We’ve had a top-of-the-line 15-inch MacBook Pro review unit in hand for an hour or two, and in that time, that’s the main thing I can tell you.
I’ll give you a few more impressions, of course, but “pro” machines require quite a bit of testing to judge, and we intend to take our time with it. Is it fast? Of course it’s fast: it has a six-core Intel i9 processor, 32GB of RAM, and 4TB of storage. As shipped, this machine would run for $6,699 (though $3,200 of that is the SSD).
Unfortunately, without taking apart the keys there’s no way to know how that subtle difference in sound was achieved. And taking apart the keys is a very bad idea on this machine because Apple has not changed the fundamental design that makes it very easy to break the clips. It’s still a butterfly mechanism, and replacing a key can still require replacing the whole top deck if those clips break.
John Gruber at Daring Fireball has speculated that it’s possible that Apple did improve this keyboard for reliability and not just sound, but it won’t admit to it. I have no information about that, but it’s not an unreasonable thing to think. As I mentioned in the announcement for the MacBook Pros, Apple declined to explain how it made the keyboard quieter. Anyway, there’s a pun in here about sound baffling and baffling communications from Apple, which I will leave as an exercise to the reader.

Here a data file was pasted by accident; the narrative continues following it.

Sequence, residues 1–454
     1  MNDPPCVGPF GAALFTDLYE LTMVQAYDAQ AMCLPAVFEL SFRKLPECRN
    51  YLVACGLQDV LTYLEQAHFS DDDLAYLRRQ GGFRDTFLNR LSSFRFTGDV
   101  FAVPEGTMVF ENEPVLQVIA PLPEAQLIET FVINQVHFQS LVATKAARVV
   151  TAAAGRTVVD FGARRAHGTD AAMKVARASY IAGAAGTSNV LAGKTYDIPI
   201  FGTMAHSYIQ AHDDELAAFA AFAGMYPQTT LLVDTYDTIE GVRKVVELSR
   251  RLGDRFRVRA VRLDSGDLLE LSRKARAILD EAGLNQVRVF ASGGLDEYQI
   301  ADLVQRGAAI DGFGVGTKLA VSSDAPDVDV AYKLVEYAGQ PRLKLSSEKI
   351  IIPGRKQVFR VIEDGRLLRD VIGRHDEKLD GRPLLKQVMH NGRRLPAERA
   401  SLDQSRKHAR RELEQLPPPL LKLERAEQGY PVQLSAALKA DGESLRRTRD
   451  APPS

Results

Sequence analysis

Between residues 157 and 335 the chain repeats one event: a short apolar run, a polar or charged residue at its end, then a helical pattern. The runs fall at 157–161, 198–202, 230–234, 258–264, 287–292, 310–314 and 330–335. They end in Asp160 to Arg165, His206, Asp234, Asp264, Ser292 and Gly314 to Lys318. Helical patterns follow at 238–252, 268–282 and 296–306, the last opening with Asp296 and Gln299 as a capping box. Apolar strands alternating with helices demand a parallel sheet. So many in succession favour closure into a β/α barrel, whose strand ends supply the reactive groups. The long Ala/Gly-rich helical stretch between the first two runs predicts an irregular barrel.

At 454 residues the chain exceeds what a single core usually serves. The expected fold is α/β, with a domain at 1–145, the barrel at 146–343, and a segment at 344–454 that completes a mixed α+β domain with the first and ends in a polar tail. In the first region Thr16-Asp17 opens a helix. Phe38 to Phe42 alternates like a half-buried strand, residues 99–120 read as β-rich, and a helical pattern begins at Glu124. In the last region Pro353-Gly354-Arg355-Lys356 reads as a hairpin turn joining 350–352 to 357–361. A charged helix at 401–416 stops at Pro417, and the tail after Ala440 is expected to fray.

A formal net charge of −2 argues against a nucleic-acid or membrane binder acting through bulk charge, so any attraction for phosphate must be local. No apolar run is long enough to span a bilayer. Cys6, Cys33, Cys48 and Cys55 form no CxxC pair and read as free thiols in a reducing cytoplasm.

As far as the keyboard’s feel goes, this “third generation” does have about the same key travel as the 2017 models, so far as I can tell. I still don’t mind that, and I think most people can accommodate themselves to it. But then again, I was never truly offended by the minimal key travel on the first-generation butterfly keyboard, so you might not trust my judgment.
As for other impressions: it’s a MacBook Pro! It has excellent build quality, four Thunderbolt ports, a headphone jack, and Touch ID. It also has a very nice Retina Display that I nevertheless wish had smaller bezels, true 4K resolution, and support for touch or pen. (I know I know, keep dreaming.)
I’d say more but, again, I feel like the only way to say anything valuable about the performance of this machine is to really test it. So we’re off to begin that work. If you have a particular thing you’d like us to test, leave a note in the comments.